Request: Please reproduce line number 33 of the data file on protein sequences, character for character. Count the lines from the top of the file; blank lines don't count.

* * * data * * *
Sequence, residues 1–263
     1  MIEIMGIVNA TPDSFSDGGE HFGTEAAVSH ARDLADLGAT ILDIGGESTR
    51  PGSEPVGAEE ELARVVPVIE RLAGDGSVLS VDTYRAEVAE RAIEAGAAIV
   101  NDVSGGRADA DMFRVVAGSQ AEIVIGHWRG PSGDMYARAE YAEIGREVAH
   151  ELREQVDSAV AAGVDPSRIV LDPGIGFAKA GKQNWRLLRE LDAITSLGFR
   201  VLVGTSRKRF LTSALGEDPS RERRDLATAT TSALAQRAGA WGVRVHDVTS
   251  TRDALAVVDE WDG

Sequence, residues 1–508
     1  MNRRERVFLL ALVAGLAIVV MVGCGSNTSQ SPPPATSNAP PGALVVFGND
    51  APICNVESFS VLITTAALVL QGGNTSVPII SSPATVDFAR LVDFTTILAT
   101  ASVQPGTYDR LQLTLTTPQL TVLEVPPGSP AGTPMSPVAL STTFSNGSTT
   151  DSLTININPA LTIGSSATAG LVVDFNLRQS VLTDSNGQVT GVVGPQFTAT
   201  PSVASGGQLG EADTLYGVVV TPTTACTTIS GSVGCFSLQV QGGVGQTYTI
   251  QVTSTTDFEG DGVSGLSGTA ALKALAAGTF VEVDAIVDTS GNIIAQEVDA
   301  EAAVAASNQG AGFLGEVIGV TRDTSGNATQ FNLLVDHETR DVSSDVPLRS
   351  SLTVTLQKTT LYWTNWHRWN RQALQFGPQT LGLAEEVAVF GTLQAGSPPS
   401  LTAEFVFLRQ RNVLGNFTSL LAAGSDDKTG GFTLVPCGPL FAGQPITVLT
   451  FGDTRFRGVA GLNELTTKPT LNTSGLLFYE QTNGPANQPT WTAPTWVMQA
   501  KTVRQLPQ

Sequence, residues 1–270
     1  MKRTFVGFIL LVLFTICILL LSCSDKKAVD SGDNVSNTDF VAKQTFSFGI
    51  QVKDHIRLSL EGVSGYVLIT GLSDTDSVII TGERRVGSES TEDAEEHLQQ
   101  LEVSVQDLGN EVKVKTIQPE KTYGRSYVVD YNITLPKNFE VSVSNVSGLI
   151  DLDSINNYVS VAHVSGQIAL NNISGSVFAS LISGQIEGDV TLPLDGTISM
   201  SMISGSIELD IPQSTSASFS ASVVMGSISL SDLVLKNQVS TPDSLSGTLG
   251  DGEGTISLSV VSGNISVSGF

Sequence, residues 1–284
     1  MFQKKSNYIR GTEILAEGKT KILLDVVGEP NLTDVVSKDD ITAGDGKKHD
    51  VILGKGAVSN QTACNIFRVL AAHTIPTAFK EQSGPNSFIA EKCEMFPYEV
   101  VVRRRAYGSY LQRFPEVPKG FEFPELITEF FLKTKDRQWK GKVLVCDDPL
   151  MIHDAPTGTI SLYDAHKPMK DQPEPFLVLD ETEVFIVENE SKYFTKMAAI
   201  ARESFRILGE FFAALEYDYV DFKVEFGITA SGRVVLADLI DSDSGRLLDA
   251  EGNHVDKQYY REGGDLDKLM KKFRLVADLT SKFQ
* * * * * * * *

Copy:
   251  EGNHVDKQYY REGGDLDKLM KKFRLVADLT SKFQ